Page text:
In my current assignment I am now tasked with writing a performance test plan for testing the performance of an ERP system. In this case, with performance, I mean the actual user experience which needs to be measured. So how long does it take for a screen to be fully rendered within a desktop application for a certain user-type with specific authentication and authorization.
Considering the organization I am still working in at the moment, the test data will also be an interesting challenge the requirements we have for data are fairly simple, at first glance at least:
- 80.000 active users within the ERP
- 150.000 inactive users within the ERP
However when we start looking at the specifics of how this data is to be built, it becomes a bit more complicated. These users are divided over two organisations, where one organisation is a relatively simple pyramid structure, however the other organisation consists of a huge set (300+) of separate, smaller organisations, which have very flat organizational structures.
Generating this data is going to be fun! Especially since these users will need to be actual active users within the system, with an employment history, since the execution of the performance tests needs historical data to be available, not to forget that the users need to login during the performance tests and actively generate some load on the ERP system.
Next up is the actual requirements we will be testing for. Some of the questions which popped into my head were:
- How do you come up with proper L&P requirements?
- What are bad requirements?
- How do you get your requirements SMART?
- How do you then measure these requirements?
So, we had several sessions with the end-users of the system to get to a basic understanding of what they required the application to follow and some really nice requirements came up, for example:
The application should finish a batch-job for at least 500 analyses within a time frame of 8 hours
Considering what SMART stands for this requirement leaves some gaping holes. Sure, it is Timely. The others however are not quite met yet.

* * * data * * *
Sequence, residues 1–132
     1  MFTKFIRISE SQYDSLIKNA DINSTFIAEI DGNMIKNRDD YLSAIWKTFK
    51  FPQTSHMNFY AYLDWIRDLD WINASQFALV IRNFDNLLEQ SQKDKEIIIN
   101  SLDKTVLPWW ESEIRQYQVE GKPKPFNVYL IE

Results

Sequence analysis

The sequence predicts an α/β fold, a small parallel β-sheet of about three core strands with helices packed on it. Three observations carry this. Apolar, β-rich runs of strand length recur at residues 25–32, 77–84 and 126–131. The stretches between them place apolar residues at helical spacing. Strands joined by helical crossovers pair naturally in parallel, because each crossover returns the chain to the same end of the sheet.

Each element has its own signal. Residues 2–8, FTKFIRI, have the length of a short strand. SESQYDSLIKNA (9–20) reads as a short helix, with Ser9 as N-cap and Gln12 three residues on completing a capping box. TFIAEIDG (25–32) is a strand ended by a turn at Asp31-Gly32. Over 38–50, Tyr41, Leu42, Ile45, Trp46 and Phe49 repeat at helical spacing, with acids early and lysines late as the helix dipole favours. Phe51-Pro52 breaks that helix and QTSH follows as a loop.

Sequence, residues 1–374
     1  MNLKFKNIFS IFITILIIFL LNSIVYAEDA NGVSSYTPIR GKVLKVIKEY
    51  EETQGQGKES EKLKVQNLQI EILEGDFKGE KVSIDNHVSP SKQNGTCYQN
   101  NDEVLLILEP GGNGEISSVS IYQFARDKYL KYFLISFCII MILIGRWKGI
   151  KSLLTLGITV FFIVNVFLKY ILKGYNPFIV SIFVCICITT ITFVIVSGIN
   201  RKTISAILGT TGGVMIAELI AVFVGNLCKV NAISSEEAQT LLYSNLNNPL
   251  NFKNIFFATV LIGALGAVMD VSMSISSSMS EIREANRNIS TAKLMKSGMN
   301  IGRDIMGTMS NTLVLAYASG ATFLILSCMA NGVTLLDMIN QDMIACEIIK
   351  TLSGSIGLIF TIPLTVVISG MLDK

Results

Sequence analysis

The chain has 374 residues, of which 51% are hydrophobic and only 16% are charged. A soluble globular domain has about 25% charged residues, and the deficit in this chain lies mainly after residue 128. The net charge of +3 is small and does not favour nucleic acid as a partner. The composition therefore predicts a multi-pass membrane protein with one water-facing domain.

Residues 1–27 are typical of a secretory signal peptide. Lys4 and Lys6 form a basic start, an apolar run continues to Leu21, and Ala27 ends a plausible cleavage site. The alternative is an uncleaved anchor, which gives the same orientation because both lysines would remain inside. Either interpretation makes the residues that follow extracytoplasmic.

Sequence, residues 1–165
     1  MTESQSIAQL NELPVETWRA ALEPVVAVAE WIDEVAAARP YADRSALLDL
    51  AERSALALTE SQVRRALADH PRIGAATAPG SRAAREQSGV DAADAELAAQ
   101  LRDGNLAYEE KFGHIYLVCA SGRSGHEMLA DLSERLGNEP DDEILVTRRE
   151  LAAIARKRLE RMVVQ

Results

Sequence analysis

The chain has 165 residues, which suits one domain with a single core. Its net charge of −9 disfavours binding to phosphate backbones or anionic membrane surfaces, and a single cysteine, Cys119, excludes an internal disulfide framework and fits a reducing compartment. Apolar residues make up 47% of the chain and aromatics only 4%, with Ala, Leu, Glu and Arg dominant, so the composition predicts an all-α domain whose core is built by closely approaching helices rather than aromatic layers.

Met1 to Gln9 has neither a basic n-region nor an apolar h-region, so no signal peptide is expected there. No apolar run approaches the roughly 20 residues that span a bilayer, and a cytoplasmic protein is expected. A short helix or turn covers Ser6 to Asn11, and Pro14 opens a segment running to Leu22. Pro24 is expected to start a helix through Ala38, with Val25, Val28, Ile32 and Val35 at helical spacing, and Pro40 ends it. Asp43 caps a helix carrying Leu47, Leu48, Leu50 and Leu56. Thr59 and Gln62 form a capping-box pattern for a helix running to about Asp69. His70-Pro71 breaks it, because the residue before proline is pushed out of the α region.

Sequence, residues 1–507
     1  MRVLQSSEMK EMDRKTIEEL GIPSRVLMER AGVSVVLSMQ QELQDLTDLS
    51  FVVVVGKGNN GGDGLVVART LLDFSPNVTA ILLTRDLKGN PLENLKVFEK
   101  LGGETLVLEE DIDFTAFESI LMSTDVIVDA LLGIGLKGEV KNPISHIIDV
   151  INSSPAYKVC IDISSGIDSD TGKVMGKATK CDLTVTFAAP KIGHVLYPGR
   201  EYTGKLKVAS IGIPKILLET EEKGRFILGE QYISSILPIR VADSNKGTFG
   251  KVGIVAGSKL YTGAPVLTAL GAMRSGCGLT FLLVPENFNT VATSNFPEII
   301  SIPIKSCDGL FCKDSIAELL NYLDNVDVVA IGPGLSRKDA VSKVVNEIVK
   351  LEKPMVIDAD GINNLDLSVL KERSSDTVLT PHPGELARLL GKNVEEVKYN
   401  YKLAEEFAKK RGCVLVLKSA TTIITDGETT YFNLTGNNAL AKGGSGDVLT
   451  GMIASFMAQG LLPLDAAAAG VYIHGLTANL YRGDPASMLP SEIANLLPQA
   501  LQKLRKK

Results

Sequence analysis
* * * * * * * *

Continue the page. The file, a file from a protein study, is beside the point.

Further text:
This is merely one of many requirements we had to go through to make them SMART. The challenge in the requirements was mainly getting clear to the requirements owners what the difference is, from a testing and specifically performance testing point of view between the original requirements and the actual SMART version of that same requirement.
The example as stated above ended up as the following requirement:
The batch-job for executing predefined data analyses has to finish processing 500 separate analyses within a nightly run of 8 hours, after which the analyses results are successfully uploaded to the end-user dashboards.
Getting requirements clear for batch-jobs however, is not the most difficult part. The main issue was getting the requirements clear for the user interactions and separating the desktop client interactions from the web-interface.
How do you explain in layman’s terms why a desktop application will by design respond faster than an average web-application and thus that you need different specifications for the two? How do you make clear, again in layman’s terms, that setting up the performance tests for a web-application will not make the scripts reusable for the desktop application, despite them having identical functionality, or even look and feel?
Those are some of the questions I have been struggling with the last few days while writing the performance testplan and with that defining and refining the requirements. (Why is it by the way that I, as the performance tester and defining the requirements I need to test for??)